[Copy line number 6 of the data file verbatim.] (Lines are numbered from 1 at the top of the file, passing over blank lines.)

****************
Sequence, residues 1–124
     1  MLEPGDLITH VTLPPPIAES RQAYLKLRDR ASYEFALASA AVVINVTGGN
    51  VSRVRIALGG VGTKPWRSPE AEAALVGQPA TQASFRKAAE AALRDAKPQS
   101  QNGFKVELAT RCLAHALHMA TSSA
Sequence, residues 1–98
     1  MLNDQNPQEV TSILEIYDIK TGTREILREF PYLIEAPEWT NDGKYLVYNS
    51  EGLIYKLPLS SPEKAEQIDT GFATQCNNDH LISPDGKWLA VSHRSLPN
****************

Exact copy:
     1  MLNDQNPQEV TSILEIYDIK TGTREILREF PYLIEAPEWT NDGKYLVYNS